You can insert competency, naturalness, authority into this if that feels better, but here’s what we talk about when we talk about fluency.
You do this work at the highest level without thinking about techniques or mechanics.
You’re comfortable enough to think through questions and answers, without panicking about what’s “right” – thanks to experience.
You can be quiet – because sometimes you don’t need to talk.
You can be brilliant, without preparing for it.
You can manage surprises without losing your place in the script.
All of this happens when you develop a fluency in a skill, a sport, a relationship, a way of being. It’s a great place to be, right? But there will always be new things you get into where you’re a beginner – you’re on the JV team (and it’s uncomfortable for a varsity player like yourself.)
When I first started moderating panel discussions I was very focused on my questions – now I hardly look at them because I take cue’s from people’s answers, and aim to drive the conversation genuinely, but in a natural direction that serves the audience and gets the most from the panelist.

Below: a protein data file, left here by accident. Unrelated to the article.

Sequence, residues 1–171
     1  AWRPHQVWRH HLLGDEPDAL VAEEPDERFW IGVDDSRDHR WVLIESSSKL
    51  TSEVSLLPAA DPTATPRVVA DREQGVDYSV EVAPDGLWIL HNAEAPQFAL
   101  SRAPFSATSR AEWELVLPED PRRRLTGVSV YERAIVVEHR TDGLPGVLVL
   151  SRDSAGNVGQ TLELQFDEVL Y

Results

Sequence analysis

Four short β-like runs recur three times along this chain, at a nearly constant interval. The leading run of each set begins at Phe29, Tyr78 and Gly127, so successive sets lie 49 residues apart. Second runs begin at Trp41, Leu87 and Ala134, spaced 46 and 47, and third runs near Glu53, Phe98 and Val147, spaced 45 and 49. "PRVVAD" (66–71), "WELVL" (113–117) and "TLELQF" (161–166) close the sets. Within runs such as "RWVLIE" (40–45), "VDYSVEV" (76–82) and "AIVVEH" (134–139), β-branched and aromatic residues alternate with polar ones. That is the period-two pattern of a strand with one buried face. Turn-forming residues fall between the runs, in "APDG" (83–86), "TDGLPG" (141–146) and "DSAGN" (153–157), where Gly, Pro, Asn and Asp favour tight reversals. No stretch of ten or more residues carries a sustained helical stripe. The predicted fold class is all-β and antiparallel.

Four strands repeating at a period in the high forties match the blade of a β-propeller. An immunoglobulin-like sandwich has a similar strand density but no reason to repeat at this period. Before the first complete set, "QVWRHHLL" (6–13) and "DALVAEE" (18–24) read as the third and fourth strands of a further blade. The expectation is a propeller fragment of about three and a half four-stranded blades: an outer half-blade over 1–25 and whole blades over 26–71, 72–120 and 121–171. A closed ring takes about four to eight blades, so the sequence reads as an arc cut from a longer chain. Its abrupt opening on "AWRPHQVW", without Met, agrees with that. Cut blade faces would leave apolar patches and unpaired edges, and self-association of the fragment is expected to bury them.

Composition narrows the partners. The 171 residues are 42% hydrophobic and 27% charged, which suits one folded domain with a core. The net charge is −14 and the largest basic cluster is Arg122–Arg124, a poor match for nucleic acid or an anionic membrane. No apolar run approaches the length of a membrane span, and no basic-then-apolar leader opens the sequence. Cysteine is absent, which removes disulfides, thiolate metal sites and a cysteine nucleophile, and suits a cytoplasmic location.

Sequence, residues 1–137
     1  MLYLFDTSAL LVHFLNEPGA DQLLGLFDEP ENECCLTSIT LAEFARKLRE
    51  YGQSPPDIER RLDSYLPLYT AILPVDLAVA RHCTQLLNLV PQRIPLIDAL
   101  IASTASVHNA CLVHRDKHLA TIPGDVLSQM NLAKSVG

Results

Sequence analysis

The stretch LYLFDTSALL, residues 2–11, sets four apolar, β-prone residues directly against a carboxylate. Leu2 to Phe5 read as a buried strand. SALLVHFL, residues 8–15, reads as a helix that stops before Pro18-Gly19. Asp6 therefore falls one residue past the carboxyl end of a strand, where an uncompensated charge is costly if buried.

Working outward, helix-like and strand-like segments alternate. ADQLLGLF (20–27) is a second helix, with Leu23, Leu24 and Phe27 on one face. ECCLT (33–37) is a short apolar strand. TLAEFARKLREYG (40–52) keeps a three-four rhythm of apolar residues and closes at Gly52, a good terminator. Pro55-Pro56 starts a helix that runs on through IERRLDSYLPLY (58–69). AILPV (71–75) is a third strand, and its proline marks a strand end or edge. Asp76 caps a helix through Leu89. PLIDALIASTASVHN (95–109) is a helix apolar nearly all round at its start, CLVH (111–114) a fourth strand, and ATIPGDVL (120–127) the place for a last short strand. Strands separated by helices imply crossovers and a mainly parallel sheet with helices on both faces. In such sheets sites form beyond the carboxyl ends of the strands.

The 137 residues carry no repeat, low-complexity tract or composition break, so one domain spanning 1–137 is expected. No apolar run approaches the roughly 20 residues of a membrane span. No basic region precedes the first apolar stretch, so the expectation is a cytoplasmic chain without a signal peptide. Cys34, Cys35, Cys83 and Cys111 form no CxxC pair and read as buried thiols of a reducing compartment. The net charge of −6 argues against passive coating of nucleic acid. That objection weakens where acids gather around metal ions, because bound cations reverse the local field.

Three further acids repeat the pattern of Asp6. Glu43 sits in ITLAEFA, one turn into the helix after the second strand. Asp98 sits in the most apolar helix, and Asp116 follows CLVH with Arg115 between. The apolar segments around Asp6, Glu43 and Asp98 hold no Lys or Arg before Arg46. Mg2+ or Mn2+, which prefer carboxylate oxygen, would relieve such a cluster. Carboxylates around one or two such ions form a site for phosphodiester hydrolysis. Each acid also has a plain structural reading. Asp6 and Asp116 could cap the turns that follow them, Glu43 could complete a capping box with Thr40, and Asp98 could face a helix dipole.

On the other hand, there’s my tennis game. I was a social player until this summer when I started taking lessons. I’m in the JV phase where I think about every stroke, my leg positions, my racquet – it’s all in my head. There’s very little naturalness. But if I keep going (and who doesn’t want to wear a tennis costume legitimately) maybe I’ll gain some fluency and stop THINKINg so much. And become good, if not fluent.
It’s important to know your fluencies, and your JV sports. Expectations change when you see the game you’re playing.
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